Is this your year?
Then commit now to find a fitness and exercise plan that will help you to naturally and healthily lose the weight and inches. Be patient with yourself. You didn’t gain the weight overnight and it won’t come off over night. But you CAN change. You can be the size you want to be and you can look and feel the way you want to feel. You deserve it.
#5. Your balance and timing are “off” during your run and you can’t figure out why. Your slow work is spot on and even when you lope through, things feel great. But when you add speed, you notice unnecessary or excessive movement, OR not enough movement – your legs are weak, your core is soft, and sometimes your back hurts after a run. As a result, the clock is disappointing you time after time.
As you know, barrel racing is won or lost by a hundredth of a second, less time than it takes to blink. By having a fitness and exercise routine that focuses on strengthening the core and legs and improves balance and timing you will develop that winning edge in the saddle.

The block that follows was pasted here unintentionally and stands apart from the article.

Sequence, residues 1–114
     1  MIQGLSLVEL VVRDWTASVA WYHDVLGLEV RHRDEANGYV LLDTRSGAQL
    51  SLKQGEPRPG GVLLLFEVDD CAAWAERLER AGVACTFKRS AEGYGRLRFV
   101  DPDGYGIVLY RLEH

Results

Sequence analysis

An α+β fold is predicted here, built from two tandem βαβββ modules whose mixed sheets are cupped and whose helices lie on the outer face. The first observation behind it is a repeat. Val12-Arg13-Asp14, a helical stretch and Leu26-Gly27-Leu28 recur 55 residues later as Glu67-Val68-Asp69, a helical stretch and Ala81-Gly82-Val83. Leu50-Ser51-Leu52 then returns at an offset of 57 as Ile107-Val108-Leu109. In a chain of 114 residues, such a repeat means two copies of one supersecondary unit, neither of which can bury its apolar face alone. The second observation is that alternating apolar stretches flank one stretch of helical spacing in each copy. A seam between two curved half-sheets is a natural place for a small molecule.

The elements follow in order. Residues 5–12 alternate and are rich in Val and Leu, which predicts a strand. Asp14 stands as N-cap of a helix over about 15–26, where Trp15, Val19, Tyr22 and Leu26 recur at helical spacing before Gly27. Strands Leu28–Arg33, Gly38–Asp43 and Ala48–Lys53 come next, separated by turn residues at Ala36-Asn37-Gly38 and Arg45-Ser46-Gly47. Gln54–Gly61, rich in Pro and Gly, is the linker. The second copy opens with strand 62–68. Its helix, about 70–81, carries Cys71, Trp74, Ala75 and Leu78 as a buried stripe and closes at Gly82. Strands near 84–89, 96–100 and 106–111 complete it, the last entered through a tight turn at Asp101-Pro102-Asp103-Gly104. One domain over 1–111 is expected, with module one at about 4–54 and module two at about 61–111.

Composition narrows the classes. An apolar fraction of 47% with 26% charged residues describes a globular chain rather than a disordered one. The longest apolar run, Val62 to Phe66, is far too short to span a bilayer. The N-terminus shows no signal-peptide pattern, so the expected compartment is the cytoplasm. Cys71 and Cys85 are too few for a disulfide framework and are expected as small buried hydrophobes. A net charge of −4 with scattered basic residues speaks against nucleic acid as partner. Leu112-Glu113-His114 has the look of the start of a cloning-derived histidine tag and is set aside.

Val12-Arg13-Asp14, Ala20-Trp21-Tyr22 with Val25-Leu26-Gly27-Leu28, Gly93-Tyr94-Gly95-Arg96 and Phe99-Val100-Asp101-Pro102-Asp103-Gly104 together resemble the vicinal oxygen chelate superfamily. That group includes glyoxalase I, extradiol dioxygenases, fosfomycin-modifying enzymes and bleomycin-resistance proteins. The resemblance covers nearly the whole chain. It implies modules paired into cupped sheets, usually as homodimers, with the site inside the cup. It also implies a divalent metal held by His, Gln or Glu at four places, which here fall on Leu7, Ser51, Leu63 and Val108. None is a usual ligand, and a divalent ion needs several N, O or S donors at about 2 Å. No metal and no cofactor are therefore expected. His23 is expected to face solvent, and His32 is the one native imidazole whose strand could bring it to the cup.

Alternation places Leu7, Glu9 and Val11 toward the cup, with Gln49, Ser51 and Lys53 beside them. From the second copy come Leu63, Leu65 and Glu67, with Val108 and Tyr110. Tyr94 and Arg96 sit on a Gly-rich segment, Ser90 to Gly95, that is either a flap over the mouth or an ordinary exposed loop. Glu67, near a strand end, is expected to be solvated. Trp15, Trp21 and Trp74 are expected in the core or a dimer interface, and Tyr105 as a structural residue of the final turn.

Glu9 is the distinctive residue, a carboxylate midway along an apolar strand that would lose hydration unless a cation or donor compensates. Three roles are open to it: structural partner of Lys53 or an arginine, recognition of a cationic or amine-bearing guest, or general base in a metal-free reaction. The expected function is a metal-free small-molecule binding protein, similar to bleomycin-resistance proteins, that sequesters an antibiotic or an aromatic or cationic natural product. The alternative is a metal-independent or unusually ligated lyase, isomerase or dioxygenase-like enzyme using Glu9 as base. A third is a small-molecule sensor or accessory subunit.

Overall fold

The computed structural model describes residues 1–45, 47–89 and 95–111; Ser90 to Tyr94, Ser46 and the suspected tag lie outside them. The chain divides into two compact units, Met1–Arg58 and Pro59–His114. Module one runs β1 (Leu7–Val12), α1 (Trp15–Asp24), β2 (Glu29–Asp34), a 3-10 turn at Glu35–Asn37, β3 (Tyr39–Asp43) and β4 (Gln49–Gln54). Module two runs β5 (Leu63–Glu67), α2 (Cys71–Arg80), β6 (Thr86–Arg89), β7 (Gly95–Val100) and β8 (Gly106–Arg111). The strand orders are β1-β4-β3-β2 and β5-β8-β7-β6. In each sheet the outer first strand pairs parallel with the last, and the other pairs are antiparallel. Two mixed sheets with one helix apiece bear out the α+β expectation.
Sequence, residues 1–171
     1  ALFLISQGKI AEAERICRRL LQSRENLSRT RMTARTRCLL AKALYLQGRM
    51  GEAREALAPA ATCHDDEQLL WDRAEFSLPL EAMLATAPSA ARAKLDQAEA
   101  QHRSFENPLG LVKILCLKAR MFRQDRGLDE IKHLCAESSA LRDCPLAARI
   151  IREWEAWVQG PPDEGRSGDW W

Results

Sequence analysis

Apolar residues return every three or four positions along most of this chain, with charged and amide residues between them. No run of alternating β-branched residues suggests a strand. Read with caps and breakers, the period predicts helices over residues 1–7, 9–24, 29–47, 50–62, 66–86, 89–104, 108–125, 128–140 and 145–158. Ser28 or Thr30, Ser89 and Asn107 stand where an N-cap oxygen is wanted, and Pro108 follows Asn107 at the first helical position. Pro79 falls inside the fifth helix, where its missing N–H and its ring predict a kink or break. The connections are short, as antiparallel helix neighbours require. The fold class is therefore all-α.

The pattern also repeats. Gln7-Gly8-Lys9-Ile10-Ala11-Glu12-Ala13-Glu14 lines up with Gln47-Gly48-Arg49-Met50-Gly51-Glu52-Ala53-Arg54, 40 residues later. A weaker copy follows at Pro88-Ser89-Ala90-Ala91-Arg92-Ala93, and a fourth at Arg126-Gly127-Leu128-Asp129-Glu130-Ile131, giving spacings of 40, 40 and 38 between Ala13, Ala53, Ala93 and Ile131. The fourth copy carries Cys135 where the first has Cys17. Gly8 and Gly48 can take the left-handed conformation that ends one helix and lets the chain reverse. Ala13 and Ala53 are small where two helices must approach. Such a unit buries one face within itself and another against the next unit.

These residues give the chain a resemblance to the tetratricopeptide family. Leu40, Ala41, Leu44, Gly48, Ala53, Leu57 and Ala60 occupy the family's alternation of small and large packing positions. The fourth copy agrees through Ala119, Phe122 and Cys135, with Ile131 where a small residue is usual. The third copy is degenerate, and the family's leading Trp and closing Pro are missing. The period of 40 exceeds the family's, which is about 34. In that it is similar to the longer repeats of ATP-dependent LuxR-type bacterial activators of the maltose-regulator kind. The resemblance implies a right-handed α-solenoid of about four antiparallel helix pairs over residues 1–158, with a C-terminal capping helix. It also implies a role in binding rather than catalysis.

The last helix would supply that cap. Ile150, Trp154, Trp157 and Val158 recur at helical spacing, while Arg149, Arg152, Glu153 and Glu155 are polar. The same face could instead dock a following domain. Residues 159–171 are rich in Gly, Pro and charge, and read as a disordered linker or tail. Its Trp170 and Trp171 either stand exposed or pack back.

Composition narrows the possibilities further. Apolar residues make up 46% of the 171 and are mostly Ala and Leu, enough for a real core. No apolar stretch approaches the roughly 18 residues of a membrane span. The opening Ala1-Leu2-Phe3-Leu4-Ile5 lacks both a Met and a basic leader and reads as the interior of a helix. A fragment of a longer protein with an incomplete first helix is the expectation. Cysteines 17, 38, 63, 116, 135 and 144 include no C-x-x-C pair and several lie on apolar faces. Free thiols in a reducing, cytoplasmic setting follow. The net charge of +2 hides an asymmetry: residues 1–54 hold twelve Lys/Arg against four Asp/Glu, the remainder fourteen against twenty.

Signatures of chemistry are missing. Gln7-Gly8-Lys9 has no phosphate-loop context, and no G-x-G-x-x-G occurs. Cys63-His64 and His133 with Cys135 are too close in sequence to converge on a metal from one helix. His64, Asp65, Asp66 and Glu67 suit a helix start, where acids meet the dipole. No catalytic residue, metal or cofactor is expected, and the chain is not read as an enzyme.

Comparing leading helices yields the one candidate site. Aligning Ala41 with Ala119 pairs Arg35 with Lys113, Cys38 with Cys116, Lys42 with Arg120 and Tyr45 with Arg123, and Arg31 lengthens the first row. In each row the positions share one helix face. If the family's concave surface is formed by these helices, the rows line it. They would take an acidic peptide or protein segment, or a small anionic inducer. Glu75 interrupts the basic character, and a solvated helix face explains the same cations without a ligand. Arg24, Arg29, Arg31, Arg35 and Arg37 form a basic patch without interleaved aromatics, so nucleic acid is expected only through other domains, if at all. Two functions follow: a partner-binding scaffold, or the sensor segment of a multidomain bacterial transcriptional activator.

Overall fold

With spring just around the corner and another season of rodeo and barrel racing competition getting underway, it’s not too late to start a fitness and nutrition program to get you in top notch physical shape.
We expect our horses to be in the best shape of their lives, why not expect the same from ourselves?
Here are some tips for choosing and sticking to a fitness program:
Make sure it will actively engage and strengthen your core, work your legs, arms, shoulders, chest and back.
Choose one that’s fun and that you’ll stick with.
Know how much time you can spend each day and schedule it in (there are extremely effective programs that offer 30 minute workouts).
Find a workout partner or group in person or online – commit to each other and get star